The warmth that led 2014 to become the hottest year on record has continued into 2015, with last month ranking as the second-hottest January on record globally, the National Oceanic and Atmospheric Administration announced Thursday.
Global ocean temperature data and rankings for 2014.
Click image to enlarge. Credit: NOAA
“I think it is safe to say that the warmth so far in 2015 really is a continuation of the warmth in 2014,” NOAA climatologist Jake Crouch said in an email.
The past month was 1.39°F above the 20th century average of 53.6°F, second only to 2007 in the agency’s records, which go back to 1880. The Japan Meteorological Agency had January 2015 tied with both January 2002 and 2007, while NASA data put the month in a tie for third with 2002, behind 2007 as the hottest and Read more…
China today said it has developed a vaccine to combat the spread of deadly Ebola virus that has killed more than 7,000 people in three West African countries, and the test of the drug on humans would begin this month. http://www.infowars.com/china-to-test…
Alex Jones welcomes Dr. Andrew Wakefield to the studio to talk about his war with vaccines. The interview begins at 12:00 with Dr. Andrew Wakefield
The latest lawsuit filed against social networking giant Facebook may ultimately lead to change in how social networks can collect and use our communications, but in the meantime serves to highlight the obsolescence and vagueness of the legislation that protects the personal data we share via social networks and email.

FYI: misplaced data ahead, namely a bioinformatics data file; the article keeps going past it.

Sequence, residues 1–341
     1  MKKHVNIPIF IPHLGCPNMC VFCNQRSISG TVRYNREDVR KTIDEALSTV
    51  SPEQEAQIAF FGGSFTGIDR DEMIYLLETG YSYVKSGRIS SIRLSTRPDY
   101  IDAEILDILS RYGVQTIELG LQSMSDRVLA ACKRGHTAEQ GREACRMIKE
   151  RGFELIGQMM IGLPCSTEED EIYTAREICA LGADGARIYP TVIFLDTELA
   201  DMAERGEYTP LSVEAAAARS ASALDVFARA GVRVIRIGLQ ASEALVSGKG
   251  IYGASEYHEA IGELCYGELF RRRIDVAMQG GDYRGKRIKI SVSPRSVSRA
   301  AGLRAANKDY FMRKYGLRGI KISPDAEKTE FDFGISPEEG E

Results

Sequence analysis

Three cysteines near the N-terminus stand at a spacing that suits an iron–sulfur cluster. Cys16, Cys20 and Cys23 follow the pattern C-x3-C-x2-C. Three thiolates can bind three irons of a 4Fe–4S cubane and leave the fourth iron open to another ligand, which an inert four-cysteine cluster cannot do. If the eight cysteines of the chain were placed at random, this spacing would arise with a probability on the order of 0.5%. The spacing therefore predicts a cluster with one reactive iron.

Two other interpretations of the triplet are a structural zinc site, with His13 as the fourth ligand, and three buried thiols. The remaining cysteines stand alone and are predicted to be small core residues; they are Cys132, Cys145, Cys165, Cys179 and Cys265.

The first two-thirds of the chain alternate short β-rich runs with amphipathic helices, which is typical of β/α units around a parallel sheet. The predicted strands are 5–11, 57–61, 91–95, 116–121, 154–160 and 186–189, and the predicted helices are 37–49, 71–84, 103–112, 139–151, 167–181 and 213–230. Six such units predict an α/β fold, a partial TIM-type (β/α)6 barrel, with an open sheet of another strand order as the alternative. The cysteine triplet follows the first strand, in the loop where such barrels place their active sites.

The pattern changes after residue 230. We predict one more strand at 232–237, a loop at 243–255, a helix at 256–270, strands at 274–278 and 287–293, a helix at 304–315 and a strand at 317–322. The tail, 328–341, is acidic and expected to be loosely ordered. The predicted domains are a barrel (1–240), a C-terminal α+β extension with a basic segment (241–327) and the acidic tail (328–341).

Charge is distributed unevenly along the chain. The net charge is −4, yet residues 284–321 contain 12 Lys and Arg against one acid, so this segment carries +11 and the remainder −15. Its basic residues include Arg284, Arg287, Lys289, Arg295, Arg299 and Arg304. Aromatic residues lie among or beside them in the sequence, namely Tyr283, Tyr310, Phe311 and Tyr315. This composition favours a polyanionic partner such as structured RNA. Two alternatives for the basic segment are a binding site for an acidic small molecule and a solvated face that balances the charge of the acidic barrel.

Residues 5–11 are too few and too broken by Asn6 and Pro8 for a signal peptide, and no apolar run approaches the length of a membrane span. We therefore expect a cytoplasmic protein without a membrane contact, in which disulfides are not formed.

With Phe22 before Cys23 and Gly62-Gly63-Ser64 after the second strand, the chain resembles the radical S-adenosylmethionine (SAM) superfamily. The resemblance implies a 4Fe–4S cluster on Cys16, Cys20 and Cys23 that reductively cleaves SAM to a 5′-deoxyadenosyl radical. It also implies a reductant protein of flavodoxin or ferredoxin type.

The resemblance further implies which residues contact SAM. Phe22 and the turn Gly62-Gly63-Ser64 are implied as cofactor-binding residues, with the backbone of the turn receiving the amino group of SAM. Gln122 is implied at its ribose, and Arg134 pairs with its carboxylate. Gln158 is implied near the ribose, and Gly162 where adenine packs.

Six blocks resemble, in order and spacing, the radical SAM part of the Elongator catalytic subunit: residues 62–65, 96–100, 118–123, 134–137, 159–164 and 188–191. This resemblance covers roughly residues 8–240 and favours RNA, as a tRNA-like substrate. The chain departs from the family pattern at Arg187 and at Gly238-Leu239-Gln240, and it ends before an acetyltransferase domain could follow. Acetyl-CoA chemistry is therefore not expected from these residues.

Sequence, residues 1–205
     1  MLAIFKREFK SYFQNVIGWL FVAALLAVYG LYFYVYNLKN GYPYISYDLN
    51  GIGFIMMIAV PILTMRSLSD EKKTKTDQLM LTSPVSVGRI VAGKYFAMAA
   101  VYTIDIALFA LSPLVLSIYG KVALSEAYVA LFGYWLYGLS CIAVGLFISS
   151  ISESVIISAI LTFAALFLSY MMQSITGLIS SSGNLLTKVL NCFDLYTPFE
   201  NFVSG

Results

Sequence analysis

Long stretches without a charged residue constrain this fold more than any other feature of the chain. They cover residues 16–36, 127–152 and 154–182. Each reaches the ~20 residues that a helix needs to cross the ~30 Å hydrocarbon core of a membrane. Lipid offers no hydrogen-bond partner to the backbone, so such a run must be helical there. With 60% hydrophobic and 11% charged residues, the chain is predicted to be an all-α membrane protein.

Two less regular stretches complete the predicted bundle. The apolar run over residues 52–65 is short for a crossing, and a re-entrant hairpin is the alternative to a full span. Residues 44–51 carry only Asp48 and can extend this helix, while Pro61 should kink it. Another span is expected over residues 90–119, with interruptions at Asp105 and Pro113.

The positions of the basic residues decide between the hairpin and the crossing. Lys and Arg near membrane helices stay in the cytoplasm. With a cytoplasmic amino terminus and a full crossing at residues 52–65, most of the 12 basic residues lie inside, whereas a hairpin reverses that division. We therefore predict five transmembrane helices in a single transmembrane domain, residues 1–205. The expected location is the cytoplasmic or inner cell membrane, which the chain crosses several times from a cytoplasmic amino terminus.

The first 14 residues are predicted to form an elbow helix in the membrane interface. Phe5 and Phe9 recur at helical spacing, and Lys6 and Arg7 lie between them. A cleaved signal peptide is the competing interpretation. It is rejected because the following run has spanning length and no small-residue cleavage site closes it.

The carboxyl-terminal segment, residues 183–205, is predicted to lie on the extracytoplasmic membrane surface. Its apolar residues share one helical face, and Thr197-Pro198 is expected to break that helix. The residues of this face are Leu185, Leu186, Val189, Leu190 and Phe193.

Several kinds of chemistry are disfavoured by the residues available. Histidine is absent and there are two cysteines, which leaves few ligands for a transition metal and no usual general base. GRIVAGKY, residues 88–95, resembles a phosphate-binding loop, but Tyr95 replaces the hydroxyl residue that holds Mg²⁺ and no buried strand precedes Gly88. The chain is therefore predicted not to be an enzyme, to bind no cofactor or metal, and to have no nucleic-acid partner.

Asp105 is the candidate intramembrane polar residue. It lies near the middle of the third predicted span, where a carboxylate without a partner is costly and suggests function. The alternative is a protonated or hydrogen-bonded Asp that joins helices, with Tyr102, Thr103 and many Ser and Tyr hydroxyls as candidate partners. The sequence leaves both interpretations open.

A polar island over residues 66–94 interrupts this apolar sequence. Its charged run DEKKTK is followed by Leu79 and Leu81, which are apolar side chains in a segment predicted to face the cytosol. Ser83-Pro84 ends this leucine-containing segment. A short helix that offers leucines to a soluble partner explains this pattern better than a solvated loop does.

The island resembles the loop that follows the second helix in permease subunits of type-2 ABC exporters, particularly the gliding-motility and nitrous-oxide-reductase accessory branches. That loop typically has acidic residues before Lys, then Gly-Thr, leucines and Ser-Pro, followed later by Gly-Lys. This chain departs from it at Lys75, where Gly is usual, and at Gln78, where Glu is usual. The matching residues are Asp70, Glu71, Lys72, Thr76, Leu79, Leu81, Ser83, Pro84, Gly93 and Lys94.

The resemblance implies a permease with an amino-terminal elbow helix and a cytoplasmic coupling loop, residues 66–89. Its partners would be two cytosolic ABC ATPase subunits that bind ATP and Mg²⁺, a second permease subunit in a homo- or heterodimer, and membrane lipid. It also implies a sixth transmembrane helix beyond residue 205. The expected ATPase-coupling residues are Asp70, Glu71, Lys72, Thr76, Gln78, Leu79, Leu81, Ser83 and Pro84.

Re/code reports that Facebook will face a class-action lawsuit that accuses it of violating users’ privacy by scanning the messages that they send to other users of the social network. U.S. District Judge Phyllis Hamilton dismissed some state-law claims against the company but denied Facebook’s bid to dismiss the lawsuit, which will now seek to establish how routine the process of scanning messages is to the tech firm’s business.
Facebook has argued that the alleged scanning of users’ messages was covered by an exception under the federal Electronic Communications Privacy Act (ECPA) for interceptions by Read more…
A speaker at the yearly conference of the Chaos Computer Club has shown how fingerprints can be faked using only a few photographs. To demonstrate, he copied the thumbprint of the German defense minister.
Jan Krissler, also know by his alias “Starbug,” told a conference of hackers he has copied the thumbprint of German Defense Minister Ursula von der Leyen. Speaking at the 31st annual conference of the Chaos Computer Club in Hamburg, Krissler highlighted the dangers in relying on security technology.
Krissler explained that he didn’t even need an object that von der Leyen had touched to create the copy. Using several close-range photos in order to capture every angle, Krissler used a commercially available software called VeriFinger to create an image of the minister’s fingerprint.
Along with fellow hacker Tobias Fiebig, Krissler has been working at the Technical University of Berlin on research into weaknesses of